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UCLA FOOTBALL

Kevin Prince ready for his wake-up call at UCLA

With the Bruins coming off a 4-8 season, the battle for the starting quarterback job is wide open, and the redshirt freshman from Crespi High is looking to fill the void.

April 01, 2009|Chris Foster

Warning bells have gone off in Kevin Prince's apartment daily, jolting the UCLA quarterback and his roommate, punter Jeff Locke, from sleep.

"We have, like, five alarm clocks," said Prince, who redshirted as a freshman last season. "We set them on 'extra static loud' to make sure we get up every day at 5:30. We don't want to be late for team workouts."

For Prince, there is a lot at stake as UCLA prepares to open spring practice Thursday.

While across town USC is trying to determine which quarterback will try to extend the Trojans' monopoly on college football success in Los Angeles, UCLA is trying to find someone who will at least put them in the game.

The Bruins' search has produced a fresh Prince of Westwood story line.

Prince, who starred at Encino Crespi High, will get a long look over the next couple of weeks along with freshman Richard Brehaut, who enrolled early to participate in spring practice.

"A lot of the meaningful snaps will go to the young guys early," second-year Coach Rick Neuheisel said. "We want to submerge them."

It's a sink-or-swim plan that wouldn't normally be necessary for a team that returns a senior starter at quarterback. Kevin Craft started all 12 games last season, but the Bruins went 4-8 -- their worst finish since a 3-7-1 1989 season -- and much of the blame was laid at the quarterback's cleats.

Whether the criticism Craft faced was fair is debatable. Playing behind a run-for-your-life offensive line, he did lead UCLA to victory over Stanford and engineered an overtime win over Tennessee -- both featuring last-minute drives. But he also had 20 passes intercepted, a dubious school record, and completed only one pass for more than 40 yards.

So now the door is open, the welcome mat out, and Prince is set to walk in -- an opportunity that led him to postpone a two-year Mormon mission.

"Kevin and I are real close; I feel we've become good friends," Prince said. "So this is a little awkward in that sense. But the competition will make us both better. He has worked extremely hard and that pushes me to do the same. We both want what's best for the team."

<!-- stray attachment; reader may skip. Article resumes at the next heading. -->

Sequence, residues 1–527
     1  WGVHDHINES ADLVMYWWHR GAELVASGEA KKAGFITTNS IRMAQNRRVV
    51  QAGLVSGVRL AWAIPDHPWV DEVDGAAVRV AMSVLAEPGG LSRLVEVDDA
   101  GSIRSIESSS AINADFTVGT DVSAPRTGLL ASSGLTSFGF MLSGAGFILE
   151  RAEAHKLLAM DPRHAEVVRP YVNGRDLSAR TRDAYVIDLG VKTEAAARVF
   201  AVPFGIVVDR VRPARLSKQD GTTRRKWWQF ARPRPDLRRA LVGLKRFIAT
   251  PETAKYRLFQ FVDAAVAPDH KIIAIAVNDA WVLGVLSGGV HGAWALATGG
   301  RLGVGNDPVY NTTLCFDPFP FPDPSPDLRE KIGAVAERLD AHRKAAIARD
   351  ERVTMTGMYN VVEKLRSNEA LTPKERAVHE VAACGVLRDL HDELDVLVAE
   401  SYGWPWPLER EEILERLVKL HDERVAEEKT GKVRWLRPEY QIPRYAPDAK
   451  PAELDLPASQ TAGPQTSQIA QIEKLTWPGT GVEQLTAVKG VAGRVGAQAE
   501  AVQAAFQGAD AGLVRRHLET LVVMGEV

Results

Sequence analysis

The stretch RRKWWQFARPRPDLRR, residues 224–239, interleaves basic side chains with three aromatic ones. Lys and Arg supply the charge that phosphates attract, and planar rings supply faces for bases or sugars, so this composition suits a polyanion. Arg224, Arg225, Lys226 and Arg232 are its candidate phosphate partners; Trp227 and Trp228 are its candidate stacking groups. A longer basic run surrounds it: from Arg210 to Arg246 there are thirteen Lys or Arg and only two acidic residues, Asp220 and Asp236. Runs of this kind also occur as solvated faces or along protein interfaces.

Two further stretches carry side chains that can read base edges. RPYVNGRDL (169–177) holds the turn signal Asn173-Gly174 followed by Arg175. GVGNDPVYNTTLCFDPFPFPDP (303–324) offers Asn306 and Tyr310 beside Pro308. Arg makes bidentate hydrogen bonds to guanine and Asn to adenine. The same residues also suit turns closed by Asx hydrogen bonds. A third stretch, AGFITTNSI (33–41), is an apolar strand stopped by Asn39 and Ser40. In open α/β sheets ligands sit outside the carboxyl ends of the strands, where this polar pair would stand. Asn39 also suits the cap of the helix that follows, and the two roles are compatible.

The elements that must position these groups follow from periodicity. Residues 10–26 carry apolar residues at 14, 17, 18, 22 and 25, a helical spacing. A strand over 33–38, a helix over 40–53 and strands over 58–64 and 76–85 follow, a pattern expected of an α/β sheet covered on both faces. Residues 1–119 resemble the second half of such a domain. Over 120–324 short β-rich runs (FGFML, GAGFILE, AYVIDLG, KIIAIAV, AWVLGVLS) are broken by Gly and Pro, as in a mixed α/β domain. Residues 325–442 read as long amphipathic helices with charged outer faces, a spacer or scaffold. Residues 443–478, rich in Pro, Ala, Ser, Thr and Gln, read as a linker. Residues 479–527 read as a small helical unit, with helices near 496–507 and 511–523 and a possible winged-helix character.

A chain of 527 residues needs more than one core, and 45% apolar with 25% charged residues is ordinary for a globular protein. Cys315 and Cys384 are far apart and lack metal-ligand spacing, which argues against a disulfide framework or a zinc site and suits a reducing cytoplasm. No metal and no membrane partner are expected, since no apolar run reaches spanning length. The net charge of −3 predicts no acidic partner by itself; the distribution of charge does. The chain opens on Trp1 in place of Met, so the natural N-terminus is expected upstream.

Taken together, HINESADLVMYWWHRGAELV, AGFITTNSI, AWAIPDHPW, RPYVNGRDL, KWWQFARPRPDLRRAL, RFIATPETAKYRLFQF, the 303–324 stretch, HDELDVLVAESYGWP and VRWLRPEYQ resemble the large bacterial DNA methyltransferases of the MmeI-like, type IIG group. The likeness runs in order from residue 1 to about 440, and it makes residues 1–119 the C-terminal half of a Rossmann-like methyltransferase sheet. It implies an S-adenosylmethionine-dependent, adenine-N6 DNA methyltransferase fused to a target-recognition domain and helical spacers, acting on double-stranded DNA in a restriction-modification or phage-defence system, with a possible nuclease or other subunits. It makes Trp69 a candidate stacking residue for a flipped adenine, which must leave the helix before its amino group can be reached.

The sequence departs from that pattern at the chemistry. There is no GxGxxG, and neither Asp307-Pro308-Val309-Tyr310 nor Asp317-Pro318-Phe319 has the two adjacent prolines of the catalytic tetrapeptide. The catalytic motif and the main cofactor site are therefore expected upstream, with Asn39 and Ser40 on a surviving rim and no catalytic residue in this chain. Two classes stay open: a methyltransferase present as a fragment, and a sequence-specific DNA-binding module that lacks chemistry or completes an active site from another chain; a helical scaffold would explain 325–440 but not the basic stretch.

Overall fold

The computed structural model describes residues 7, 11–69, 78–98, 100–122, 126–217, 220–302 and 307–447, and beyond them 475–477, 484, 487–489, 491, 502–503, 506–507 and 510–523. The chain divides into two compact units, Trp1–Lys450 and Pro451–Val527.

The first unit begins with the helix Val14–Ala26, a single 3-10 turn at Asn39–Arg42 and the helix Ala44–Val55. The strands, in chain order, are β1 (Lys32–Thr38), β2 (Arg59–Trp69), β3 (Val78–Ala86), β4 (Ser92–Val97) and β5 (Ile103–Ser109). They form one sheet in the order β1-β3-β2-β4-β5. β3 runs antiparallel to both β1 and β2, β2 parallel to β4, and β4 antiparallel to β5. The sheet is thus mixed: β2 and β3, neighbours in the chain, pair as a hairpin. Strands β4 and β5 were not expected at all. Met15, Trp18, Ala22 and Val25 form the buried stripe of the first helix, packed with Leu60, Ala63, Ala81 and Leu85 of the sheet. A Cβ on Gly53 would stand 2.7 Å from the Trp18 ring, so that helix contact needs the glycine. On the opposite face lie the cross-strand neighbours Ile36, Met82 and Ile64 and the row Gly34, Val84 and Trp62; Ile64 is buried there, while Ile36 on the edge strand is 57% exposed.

Prince was a high-end recruit at Crespi, but he hasn't appeared in a game in nearly two years. His right knee was injured in the first quarter of the first game of his senior year at Crespi, requiring surgery and sidelining him for the season.

At UCLA, he spent half of last season preparing for games and was listed No. 2 on the depth chart one week. But once Neuheisel and offensive coordinator Norm Chow decided they didn't want him to burn a year of eligibility, he was assigned to run the scout team.

Prince saw benefits to both roles.

"Competing for the second-string spot, I got a feel of the offense," he said. "Then, running the scout team, I got a chance to play football. I was running the other team's plays, but I was getting my football instincts back and got used to game speed."

Prince often stayed late after practice to work on his game. His coaches liked what they saw.

"He has the strongest arm and I think he got a good grasp of the offense, given the relatively short time he has been here," Neuheisel said. "He has a nice grasp on what we're trying to get accomplished. There is a lot to like about him. He just hasn't had the chance to get it done."

As for Craft, it's clear where he needs to show improvement.

"Consistency," Neuheisel said. "Not just in the standpoint of results, but from the standpoint of decision making. He has to throw to the right place on the field and know why he should be throwing to that spot.

"We know how tough he is, and we saw him perform well in clutch situations. We need to count on his decisions."

At some point this spring or shortly thereafter, though, it will be UCLA's coaches making a key decision about who will start at quarterback. And for now, Prince is happy just to be part of the process.

"What 'SC has been doing is bringing in top-caliber players at every position and making them compete," Prince said. "We want the best guys to win the jobs. In the end, the best guys are the ones who help you win more games."

--

chris.foster@latimes.com

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